Providing financial planning services takes time. A lot of time. In fact, according to a recent Kitces Research study, the average advisory firm spends 10 hours just constructing a financial plan, and more than 30 hours across the firm servicing a client throughout the first year to gather data, analyze and produce a financial plan, deliver it to the client, implement the recommendations, and begin the ongoing monitoring process. Which means, not surprisingly, that it’s often necessary to charge clients a non-trivial financial planning fee upfront to recover the time investment. Especially as financial advisors are increasingly shifting to AUM fees and other recurring revenue fee-for-service models, rather than earning a (potentially sizable) upfront commission for the products implemented after the plan is delivered.
Yet the reality is that with the rise of AUM and subscription models in particular, along with their recurring revenue potential, it’s actually not necessary to charge upfront for time-consuming financial planning to get paid for it. Instead, as long as delivering financial planning still provides value, deepens the advisor-client relationship, and, most importantly (from the business perspective), improves long-term retention, it’s entirely possible to be ‘paid well’ for financial planning without charging for it separately at all! Because even a relatively small improvement in client retention rates can produce a very sizable Return On Investment (ROI) for putting in the time and effort to do the financial planning in the first place.
In fact, charging separately for financial planning (and maintaining lower ongoing fees once the upfront planning work is completed) actually introduces the risk that clients will have ‘sticker shock’ about the upfront cost and will choose not to purchase it at all, which means, ironically, that charging for financial planning can actually reduce the number of clients who engage in it. By contrast, bundling financial planning into an AUM or subscription fee changes the client psychology, subtly encouraging clients to take advantage of the service by making it already included… knowing that clients who do engage in financial planning will be more likely to stick around for the long run anyway.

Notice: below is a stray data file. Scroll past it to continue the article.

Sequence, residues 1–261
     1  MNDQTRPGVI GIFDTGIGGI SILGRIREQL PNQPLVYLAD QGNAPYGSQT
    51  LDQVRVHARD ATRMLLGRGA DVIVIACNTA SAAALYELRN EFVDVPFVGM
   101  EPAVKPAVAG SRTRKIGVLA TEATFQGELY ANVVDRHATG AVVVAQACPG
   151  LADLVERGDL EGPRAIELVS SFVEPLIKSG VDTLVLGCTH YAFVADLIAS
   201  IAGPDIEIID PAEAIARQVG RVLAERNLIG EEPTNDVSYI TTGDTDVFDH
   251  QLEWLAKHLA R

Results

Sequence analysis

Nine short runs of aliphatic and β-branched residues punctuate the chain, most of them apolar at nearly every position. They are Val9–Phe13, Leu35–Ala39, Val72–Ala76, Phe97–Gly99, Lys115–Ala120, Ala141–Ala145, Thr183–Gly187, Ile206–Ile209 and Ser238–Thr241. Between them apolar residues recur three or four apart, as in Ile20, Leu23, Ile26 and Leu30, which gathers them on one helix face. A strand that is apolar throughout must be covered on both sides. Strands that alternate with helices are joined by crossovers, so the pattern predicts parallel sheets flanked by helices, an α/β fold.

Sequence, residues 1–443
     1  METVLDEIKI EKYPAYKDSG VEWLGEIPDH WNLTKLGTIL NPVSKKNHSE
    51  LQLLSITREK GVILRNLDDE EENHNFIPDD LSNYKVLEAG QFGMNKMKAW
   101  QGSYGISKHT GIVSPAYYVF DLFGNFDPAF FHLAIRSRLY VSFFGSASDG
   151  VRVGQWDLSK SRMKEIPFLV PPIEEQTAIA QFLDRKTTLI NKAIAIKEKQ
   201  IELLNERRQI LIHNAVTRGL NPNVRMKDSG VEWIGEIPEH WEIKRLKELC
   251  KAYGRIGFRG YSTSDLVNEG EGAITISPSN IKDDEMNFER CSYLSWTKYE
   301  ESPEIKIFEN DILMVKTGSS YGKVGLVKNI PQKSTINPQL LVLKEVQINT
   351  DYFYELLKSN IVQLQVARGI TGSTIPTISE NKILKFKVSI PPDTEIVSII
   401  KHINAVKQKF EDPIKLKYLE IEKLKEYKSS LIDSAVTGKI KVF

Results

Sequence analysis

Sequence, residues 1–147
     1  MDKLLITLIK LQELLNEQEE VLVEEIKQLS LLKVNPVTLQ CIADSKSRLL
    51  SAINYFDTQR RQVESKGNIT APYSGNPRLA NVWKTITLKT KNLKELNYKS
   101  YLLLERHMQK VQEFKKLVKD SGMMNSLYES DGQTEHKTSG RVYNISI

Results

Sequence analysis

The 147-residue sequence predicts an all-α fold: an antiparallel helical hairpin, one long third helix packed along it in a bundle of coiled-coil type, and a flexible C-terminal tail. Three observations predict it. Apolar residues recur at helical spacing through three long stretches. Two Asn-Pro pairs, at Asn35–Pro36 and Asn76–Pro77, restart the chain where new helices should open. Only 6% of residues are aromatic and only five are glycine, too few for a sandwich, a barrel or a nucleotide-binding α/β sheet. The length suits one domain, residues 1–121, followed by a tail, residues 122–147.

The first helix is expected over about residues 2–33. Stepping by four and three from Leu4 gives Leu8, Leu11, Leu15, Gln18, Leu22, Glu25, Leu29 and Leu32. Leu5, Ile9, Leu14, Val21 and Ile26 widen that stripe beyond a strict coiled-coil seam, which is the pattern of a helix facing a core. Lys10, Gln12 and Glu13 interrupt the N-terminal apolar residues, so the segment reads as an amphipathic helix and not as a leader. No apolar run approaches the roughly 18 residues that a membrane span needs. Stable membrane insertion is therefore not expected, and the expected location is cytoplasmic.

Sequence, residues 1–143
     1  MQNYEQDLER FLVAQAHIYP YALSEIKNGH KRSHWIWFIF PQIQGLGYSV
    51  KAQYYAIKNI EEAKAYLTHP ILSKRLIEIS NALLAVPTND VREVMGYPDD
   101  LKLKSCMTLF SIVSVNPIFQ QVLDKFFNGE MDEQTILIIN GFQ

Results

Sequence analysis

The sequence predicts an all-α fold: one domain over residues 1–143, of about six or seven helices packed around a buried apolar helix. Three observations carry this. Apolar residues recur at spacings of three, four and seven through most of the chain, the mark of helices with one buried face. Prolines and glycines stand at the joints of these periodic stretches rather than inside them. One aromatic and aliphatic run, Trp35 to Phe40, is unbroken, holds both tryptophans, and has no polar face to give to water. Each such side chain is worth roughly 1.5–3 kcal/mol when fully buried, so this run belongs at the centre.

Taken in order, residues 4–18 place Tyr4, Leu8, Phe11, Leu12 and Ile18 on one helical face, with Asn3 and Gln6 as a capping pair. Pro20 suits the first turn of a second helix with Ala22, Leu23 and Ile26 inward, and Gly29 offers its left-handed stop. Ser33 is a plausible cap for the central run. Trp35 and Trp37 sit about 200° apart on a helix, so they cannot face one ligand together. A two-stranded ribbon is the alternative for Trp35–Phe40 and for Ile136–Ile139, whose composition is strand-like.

On the other hand, there is a simple appeal to the ‘purity’ of having clients pay for financial planning at the time they receive financial planning, and keeping costs and fees more directly aligned in each and every year. Nonetheless, the reality across a wide range of industries is that it’s quite common to bundle services together, in a manner that makes some clients more profitable and others less so in any particular year, as long as it averages out over time. And at least with a recurring revenue model, it’s the client’s less-time-intensive years that help to cross-subsidize the more-time-intensive ones (and with retention rates for ongoing financial planning firms approaching 98%, most clients appear to be quite comfortable with that reality!).
Of course, it’s still impossible to offer ‘free’ financial planning, paid for with AUM or subscription fees over time, for clients who don’t have assets to manage in the first place; for those clients, a fee-for-service model where clients pay directly for financial planning is the only option. Yet for those who do have other means to pay, and other business models to reach them, it’s important to recognize how an advisory firm really can ‘give away’ financial planning and still be paid well for their efforts over time… at least for firms that have the confidence in their client retention and the patience to grow profitability over time!?